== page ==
TOKYO (Reuters) - Around half of Japanese firms believe their country will have failed to rid itself of deflation a year from now, a Reuters poll shows, a sign that authorities are not gaining the traction they want as they battle an entrenched deflationary mindset.
Since the 1990s, deflation - sustained and broad declines in the prices of goods and services - has discouraged consumers from buying big or frequently as they seek better deals, and is seen as the root of decades of economic malaise.
The central bank embarked on unprecedented monetary easing three years ago, vowing to create inflation. Recent consumer price levels have been mostly flat in year-on-year terms, an improvement on declines but far from the 2 percent inflation target the Bank of Japan has set itself.
The question of whether Japan can decisively emerge from deflation is a matter of huge debate, and the Reuters Corporate Survey found many respondents worried by a steep slide in oil prices with some concerned that deflation has become too chronic a condition to change.
“The nation has been in deflation for such a long time with everyone of the mind that they want to buy things just that little bit cheaper,” wrote a manager at a machinery maker.
The survey, conducted Jan. 5-15, found that 48 percent of companies expect Japan to be still be in deflation in a year’s time, saying they could see no escape for the foreseeable future.
Less consumer demand due to a shrinking and aging population, long-term economic uncertainty and low wage growth were also cited as factors hampering inflation.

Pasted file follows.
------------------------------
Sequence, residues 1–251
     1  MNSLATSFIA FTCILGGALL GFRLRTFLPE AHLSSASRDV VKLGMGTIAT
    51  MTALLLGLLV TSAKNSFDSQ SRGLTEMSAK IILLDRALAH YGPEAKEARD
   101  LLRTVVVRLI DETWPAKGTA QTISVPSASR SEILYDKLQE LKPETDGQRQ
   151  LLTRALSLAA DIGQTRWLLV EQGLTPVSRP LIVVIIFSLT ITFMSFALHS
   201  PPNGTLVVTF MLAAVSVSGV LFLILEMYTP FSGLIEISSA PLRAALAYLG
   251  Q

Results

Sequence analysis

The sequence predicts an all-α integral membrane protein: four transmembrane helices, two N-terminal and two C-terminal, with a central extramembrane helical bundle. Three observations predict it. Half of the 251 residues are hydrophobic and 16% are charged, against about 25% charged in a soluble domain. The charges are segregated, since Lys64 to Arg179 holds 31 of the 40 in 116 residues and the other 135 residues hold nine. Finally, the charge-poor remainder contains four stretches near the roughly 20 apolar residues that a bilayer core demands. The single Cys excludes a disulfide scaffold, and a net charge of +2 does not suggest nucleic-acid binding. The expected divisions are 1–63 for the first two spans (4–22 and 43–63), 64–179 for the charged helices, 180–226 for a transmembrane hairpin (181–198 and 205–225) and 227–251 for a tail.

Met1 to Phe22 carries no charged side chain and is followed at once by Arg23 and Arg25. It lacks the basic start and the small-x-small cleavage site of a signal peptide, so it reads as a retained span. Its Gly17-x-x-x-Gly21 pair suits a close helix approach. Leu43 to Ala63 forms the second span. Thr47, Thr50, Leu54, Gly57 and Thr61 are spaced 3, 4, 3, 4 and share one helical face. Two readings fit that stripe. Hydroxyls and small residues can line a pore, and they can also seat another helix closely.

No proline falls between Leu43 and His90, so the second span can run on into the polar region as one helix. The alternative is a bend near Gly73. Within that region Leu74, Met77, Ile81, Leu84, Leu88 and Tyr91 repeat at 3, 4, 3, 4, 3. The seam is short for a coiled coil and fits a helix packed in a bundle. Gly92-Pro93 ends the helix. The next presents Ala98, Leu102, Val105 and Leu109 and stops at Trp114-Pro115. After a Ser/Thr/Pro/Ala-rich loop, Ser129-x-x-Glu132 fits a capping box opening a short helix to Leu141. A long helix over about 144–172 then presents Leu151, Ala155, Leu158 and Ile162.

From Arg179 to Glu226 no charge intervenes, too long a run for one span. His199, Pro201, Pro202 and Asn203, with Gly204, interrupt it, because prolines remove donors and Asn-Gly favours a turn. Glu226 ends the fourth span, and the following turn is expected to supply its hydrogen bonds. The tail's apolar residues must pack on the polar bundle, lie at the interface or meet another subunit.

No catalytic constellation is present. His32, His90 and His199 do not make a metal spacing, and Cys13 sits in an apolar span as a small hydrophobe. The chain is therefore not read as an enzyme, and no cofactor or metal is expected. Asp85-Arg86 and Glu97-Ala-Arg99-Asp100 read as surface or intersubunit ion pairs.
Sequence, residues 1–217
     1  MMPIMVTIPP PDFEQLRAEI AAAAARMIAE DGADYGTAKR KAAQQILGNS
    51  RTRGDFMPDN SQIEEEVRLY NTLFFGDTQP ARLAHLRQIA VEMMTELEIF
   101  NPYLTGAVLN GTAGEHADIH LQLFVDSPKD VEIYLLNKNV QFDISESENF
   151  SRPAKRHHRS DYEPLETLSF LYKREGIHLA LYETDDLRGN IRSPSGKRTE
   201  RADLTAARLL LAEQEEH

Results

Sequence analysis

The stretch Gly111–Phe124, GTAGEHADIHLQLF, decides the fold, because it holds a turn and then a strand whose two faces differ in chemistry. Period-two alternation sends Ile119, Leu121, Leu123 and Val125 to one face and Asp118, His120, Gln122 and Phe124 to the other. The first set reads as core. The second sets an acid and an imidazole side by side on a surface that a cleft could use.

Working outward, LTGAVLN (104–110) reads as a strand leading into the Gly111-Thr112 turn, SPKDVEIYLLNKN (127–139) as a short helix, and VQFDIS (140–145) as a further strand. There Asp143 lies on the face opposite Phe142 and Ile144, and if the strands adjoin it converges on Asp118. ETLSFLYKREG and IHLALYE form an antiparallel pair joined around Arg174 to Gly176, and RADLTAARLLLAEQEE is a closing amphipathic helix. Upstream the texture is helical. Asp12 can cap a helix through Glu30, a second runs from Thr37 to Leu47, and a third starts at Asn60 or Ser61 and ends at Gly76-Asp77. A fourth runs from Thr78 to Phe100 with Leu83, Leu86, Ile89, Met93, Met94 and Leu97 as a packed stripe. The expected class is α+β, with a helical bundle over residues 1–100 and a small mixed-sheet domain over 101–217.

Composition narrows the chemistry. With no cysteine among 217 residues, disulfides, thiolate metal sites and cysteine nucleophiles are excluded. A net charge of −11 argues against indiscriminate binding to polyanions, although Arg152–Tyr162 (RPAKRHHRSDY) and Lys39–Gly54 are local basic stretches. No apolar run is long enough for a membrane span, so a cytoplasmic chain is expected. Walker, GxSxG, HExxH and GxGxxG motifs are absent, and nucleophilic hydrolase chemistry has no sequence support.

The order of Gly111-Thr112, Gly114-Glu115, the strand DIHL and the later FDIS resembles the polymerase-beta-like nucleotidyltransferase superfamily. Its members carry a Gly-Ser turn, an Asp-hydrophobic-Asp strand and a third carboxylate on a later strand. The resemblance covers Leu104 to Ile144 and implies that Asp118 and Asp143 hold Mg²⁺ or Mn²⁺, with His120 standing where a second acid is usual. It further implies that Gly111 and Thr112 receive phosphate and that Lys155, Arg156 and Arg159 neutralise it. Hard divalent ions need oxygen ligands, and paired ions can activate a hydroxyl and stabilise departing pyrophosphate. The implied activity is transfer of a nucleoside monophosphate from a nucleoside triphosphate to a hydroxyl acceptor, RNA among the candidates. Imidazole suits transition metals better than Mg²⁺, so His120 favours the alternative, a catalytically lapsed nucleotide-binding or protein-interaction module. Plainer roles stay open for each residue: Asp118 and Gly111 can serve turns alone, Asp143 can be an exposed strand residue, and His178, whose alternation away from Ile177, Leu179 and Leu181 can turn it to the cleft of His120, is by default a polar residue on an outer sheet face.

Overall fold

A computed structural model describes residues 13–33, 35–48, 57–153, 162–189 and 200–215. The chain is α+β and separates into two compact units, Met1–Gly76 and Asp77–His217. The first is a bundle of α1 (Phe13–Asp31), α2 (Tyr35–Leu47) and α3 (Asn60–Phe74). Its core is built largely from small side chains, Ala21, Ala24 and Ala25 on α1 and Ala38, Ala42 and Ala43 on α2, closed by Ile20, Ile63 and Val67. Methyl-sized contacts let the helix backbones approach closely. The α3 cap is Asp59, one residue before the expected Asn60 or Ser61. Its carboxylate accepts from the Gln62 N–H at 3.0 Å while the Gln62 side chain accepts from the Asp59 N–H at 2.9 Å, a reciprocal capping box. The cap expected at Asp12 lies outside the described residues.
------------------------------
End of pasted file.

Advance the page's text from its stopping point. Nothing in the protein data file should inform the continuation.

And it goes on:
But half of the companies were not as pessimistic - an indication that authorities have made some progress.
Some 35 percent of firms see deflation gone in the latter half of the year, while 6 percent see it ending in the first half. Eleven percent believe that deflation has already ended.
The survey, conducted for Reuters by Nikkei Research, polled 514 big and medium-sized firms, with managers responding on condition of anonymity. Around 260 answered questions on deflation.
While last year’s tumble in global oil prices has been a big factor in derailing efforts to create inflation, most firms did not see it as a negative factor for their own business.
Fifty-seven percent saw it having little overall impact while 35 percent saw it as having a positive effect on earnings due to drops in energy costs.
The poll also found that while many economists believe the central bank will implement new stimulus this year, companies continue to be almost evenly split on the merits of further action.
Fifty-one percent thought further stimulus was needed to bolster inflation expectations, while 49 percent were against, with many arguing it would have little effect. The results were little changed from October when the question was last asked.
“The results may make it harder to justify further monetary easing,” said Hidenobu Tokuda, senior economist at Mizuho Research Institute, who reviewed the survey data. He said many firms likely saw more easing as leading to a further weakening in the yen and driving up import costs.
The survey also showed most firms were wary about waves of M&A in industries worldwide. Asked if they felt a sense of crisis over the trend, 30 percent said they had a considerable sense of crisis while 48 percent said they had a slight sense of crisis.
But only 10 percent said they were interested in pursuing a merger or acquisition. Around 40 percent said they would consider business ties with other firms while 35 percent said they aimed not to become involved in M&A.
Reporting by Tetsushi Kajimoto and Izumi Nakagawa; Editing by Edwina Gibbs